Wednesday, May 25, 2011

Fuhgeddaboudit – SEO and Your Small Nonprofit

Picture from Biblical Archaeology Review
In the search to build a better website for your small nonprofit, you’ve no doubt heard lots about Search Engine Optimization (SEO)and how you need to do certain things to improve your ranking in the search results. Some of the things you might have heard:

  • You need to include meta keywords in your HTML
  • You need to submit your site to the search engines
  • You need to use keywords in your content (and maybe even fill up whole paragraphs with them where they won’t be seen by the reader but will be indexed by the spiders)

Fugeddaboudit.

For one thing, SEO doesn’t work that way, anymore. Google pretty much won the search engine sweepstakes (unless you’ve found a way to still use Lycos or AskJeeves)and the jury is still out on Bing (which may actually be partially using Google search results, anyway – shhhh). Google has changed its formulas so the people who have tried to game the system have a harder time getting their entries into the first page displayed and is even penalizing sites they feel aren't playing fair.

One thing that’s remained true is that a lot of people don’t bother to search past the first page. Not me, of course. Even though I think I’m pretty good at coming up with the keywords that will give me the best return, I’ve found some pretty interesting stuff past page 1*. Still, with more than 10 billion pages indexed by Google, if I haven’t found what I want in the first few pages, I’ll probably revise my search terms.

Anyway, your small nonprofit’s website isn’t where the action is anymore, anyhow.

It’s in optimizing your social networking presence.

In other posts, I’ve talked about how you need to go where the people – your community – are: Facebook, Twitter, Digg, Stumbleupon. Yes, I know some of these are arguable; the landscape is always changing and only a short time ago the list of places to be might have included MySpace. What’s important is that you know where your community is and that you be there with them.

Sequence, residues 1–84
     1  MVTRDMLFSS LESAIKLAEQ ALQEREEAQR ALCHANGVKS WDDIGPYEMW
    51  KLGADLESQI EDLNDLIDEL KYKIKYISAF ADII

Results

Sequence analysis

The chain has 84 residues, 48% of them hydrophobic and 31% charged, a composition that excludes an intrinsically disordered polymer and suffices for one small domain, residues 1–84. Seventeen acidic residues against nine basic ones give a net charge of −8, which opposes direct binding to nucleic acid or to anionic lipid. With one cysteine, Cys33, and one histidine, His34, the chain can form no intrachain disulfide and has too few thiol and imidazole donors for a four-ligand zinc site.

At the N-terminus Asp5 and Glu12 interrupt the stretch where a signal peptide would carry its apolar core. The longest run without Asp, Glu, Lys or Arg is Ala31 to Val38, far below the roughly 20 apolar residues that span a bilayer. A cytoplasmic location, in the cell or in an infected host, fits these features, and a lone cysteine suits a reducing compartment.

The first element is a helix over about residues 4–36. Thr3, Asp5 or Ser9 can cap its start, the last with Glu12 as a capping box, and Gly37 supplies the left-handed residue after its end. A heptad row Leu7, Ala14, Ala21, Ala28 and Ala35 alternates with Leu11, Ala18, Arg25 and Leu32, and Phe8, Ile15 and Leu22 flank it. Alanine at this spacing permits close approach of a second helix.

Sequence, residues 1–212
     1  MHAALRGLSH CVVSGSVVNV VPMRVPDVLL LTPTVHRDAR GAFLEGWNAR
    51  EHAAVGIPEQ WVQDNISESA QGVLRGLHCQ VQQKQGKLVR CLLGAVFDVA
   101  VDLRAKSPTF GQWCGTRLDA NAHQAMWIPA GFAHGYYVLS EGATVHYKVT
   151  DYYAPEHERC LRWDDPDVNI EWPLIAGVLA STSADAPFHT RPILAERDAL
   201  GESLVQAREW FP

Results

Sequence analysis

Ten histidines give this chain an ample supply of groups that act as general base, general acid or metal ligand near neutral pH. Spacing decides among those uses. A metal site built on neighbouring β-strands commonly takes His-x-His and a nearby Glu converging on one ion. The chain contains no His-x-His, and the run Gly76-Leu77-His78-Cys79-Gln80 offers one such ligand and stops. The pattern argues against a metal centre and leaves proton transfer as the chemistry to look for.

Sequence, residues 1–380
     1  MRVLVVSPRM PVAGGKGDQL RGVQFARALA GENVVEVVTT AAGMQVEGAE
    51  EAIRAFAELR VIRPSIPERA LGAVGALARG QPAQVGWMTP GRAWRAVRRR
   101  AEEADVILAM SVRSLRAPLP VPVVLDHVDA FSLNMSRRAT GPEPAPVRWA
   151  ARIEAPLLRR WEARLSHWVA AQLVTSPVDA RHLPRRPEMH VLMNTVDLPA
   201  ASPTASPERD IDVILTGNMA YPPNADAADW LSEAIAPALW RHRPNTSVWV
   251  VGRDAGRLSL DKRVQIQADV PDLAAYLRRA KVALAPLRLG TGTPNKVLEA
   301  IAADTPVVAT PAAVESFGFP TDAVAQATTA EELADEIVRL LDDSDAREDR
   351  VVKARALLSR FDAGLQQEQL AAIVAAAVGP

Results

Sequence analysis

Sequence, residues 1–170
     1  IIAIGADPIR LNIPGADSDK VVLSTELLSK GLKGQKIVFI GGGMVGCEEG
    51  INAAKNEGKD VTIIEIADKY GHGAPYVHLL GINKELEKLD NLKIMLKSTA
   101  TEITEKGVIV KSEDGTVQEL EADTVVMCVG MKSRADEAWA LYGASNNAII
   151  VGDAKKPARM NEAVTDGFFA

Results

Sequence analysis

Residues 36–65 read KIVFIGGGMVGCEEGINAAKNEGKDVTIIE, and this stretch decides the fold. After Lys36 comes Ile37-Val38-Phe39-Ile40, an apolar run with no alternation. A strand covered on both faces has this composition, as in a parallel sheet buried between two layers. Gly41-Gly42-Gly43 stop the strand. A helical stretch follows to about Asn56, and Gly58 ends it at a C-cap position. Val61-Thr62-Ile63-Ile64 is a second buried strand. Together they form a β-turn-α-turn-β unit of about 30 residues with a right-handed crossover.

Does SEO Not Matter Anymore?

I wouldn’t go that far. But the importance might be more if you’re a company selling a national product than it is if you’re a small nonprofit with a community-based mission. You should have a social media strategy and the way you apply SEO to your social networking presence should be in-line with that strategy.

Brian Solis (a very smart man)wrote a couple of blog posts on this subject last year and you’d be wise to read the second one, especially. The big take-away I got from it is that how you want your small nonprofit to be seen and interacted with should be uppermost in your mind when you’re engaging with your community using social media. Every description of a photo taken at an event, every title of a blog post, every link you include should tie into that strategy. It’s not quite SEO and it’s not likely that, unless you somehow create a viral video or meme, your little nonprofit will rocket through the search results to Numero Uno, but it will hone your focus and provide a consistency and co-hesiveness to your communications. This can only be for the good, strengthening the bonds between you and your community, resulting in growth. And who knows? That growth could lead to a wider community and more growth so that someday that Google Search Results Number One Spot might be yours. But, even if that does happen, I expect you’ll be too busy doing good to notice.

*But then, I read dictionaries, too.

Tool of the Week - Sorry; couldn't find anything I liked enough to recommend a look at.

Wednesday, May 18, 2011

The Annotated Thank You Letter Template



You all have what you need for a great letter, but the organization of the information is sometimes hard to nail down. This week I've put together a template for a thank you letter and commented on what I think each of the sections is meant to accomplish. 

The Template

Dear [name]
Believe or not, the salutation can be a thorny subject. I worked for a Development Director who insisted that we use formal salutations because people went to a lot of trouble to get those PhDs and MDs and liked to have them used. I always thought it sounded too stuffy in these modern times (does anyone still go by "Mrs. John Doe"?), but hopefully you know your community best. I actually like to skip them sometimes and go straight to the -

[story paragraph]
This is where you say your small nonprofit solved a problem for someone in particular. But don't take more than a fairly short paragraph to do it. Example:
Mary was at her wit's end. The tornado had destroyed the house, leaving behind little but splintered wood and a half-crumbled chimney. She was able to save her cat "Lacey", but the evacuation shelter she would be staying at for the next couple of weeks didn't allow pets. What would become of Lacey? Mary faced a hard choice: give up on the shelter or give up on her beloved pet. Then an aid worker gave her our number.
[expand on the situation and lead into the specific reasons you are grateful]
But again, don't take more than a fairly short paragraph to do it.